Re: "12oz in a can of beer"

The new Budweiser bowtie can is 11.3oz for the same 12oz price. Plus, the geometry of those bizzles make them much harder to crush empties by stamping on them, which makes my job harder.
posted by Pirate-Bartender-Zombie-Monkey at 2:18 PM on June 27, 2013

Celsius1414: /hits command-space
Holy shit, spotlight does math! That's going to speed up my job a bunch. Thanks!
posted by Popular Ethics at 3:34 PM on June 27, 2013 [2 favorites]

When I was in grad school I decided that I was going to do everything in hexadecimal - I invented a relatively elegant way of saying hex integers, memorised the relevant addition and multiplication matricies, and was all set to really piss everyone off. Sadly I was defeated because for the life of me I can't do scientific notation in hex without resorting to mechanical assistance so in the end I had to fall back to insisting on using SI units for everything including time.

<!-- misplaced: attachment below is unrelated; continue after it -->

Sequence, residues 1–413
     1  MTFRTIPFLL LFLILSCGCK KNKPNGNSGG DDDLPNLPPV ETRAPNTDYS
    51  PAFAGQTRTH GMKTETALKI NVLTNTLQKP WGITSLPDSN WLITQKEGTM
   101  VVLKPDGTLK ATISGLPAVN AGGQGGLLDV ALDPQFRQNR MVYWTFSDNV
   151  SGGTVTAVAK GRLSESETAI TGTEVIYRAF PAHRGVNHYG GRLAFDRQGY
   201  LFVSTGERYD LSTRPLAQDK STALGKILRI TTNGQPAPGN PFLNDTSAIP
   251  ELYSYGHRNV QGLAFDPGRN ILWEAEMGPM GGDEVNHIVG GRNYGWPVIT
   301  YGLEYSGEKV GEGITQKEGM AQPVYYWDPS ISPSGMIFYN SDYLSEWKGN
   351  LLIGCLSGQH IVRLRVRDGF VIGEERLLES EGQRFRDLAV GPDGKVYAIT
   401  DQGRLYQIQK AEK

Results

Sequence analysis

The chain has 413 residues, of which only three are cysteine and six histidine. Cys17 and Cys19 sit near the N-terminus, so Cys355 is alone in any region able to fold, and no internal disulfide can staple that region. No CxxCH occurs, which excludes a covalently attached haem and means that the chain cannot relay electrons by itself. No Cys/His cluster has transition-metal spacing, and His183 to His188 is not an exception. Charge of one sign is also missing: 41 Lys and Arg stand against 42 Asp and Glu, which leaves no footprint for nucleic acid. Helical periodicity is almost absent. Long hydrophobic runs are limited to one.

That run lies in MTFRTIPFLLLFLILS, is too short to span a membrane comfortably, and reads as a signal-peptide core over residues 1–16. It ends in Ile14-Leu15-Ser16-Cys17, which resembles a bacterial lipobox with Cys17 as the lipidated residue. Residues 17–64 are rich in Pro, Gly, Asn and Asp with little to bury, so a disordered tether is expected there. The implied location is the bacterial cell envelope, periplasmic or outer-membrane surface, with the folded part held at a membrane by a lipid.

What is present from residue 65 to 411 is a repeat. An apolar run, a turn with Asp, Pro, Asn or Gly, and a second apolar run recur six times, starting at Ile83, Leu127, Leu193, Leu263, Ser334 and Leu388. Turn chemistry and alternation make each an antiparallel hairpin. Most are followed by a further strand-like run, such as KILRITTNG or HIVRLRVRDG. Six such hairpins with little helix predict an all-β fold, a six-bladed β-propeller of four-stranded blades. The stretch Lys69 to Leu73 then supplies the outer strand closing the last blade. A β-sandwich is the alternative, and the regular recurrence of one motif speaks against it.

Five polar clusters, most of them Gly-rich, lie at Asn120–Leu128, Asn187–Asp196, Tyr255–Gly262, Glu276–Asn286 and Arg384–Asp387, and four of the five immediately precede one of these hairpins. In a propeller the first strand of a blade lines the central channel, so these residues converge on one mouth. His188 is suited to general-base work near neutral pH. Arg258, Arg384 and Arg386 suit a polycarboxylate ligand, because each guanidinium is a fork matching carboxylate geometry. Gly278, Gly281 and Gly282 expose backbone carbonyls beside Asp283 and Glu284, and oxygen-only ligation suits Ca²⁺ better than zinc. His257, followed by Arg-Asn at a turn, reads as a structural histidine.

What I did learn from that little adventure is that choice of base is a compromise between compactness of expression and the size of the multiplication table you need to rote-memorise in order to work easily with integers.
posted by overyield at 3:34 PM on June 27, 2013 [1 favorite]

What's 65 squared?

As a developer, I know my powers of 2. So it's gonna be a little higher than 642 = 4096.

x2 = (x−1)2 + x + (x−1)
652 = 642 + 65 + 64
652 = 4096 + 129
652 = 4225
posted by Sys Rq at 3:58 PM on June 27, 2013 [2 favorites]

As a developer, I know my powers of 2.

So what is 253?

Sure it's a big number, too big to write without scientific notation. In fact, it's such a big number that it's probably not necessary to know it exactly. If you could approximate it - at least getting close to the order of magnitude - then that's probably good enough. But how do you do that?